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After claiming to have received death threats by a group she believed to be the KKK, local Florida NAACP chapter president Evelyn Foxx found a Confederate flag on her lawn Monday morning, according to Gainesville police.
66-year-old Fox claimed that she left her house at 6:30 a.m. to go for a walk when she found the flag lying in her front yard.
“When I walked out, it was just laying there,” Foxx told The Gainesville Sun.
Foxx's friend, Meg Niederhofer told the newspaper that she initially thought the flag to be an American flag, draped in the grass, but when she approached it to pick it up, found out that it was a Confederate flag instead.
Foxx and Niederhofer immediately called local law enforcement when they realized what it was.
Leading up to the incident, Foxx said that she had been the victim of harassing phone calls in the middle of the night, from callers she claimed to belong to the Ku Klux Klan.
“I’m just a little shaken,” Foxx said. “The phone calls are one thing, but when someone actually comes to my house to do that ... ”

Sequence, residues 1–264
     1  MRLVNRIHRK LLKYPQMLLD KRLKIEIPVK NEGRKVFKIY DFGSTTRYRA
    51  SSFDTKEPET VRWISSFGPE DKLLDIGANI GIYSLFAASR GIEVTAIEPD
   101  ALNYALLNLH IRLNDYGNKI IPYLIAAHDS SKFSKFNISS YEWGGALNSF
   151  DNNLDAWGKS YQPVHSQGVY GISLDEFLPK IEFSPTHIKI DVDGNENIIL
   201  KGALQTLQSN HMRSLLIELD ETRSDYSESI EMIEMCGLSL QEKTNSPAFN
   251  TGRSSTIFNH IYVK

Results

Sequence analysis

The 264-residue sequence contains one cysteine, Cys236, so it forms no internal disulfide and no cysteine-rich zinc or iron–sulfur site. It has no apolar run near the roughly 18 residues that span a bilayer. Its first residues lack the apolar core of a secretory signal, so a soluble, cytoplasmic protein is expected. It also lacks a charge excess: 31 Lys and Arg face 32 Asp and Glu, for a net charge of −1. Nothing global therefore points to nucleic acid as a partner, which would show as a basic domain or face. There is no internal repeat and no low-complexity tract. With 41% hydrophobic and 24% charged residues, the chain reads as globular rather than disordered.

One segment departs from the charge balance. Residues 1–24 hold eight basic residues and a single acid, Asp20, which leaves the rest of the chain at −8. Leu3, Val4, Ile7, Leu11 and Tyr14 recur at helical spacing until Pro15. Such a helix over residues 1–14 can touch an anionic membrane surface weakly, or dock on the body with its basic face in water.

Niederhofer added, “I think it’s one more effort to intimidate people who stand up for civil rights. And you think those days are long gone and this proves they’re not.”
A spokesperson for the Gainesville Police Department told the newspaper that they are in the process of determining whether or not the flag left in Foxx's yard constitutes a hate crime charge.
“We’re looking into it and if we find someone responsible for it, then they could potentially be charged with a crime,” the spokesperson said.
Foxx told News 6 that she refuses to be intimidated.
“I think the tactic is to scare me enough, try to frighten me enough, bully me enough where I would just shut down and not say anything, but that will not work,” Foxx said. “When I see the Confederate flag in my yard, or when I see it flying anywhere, I think of what happened to African-Americans in the years past, slavery and all the slaves that were killed.”
Despite being harassed for nearly eight months, Foxx claimed that she refuses to stop standing up for what she believes in.
“I'm not going to stop doing,” Foxx said. “I am not going to resign as president of the NAACP. I am going to keep fighting the fight for people who can't fight for themselves.”
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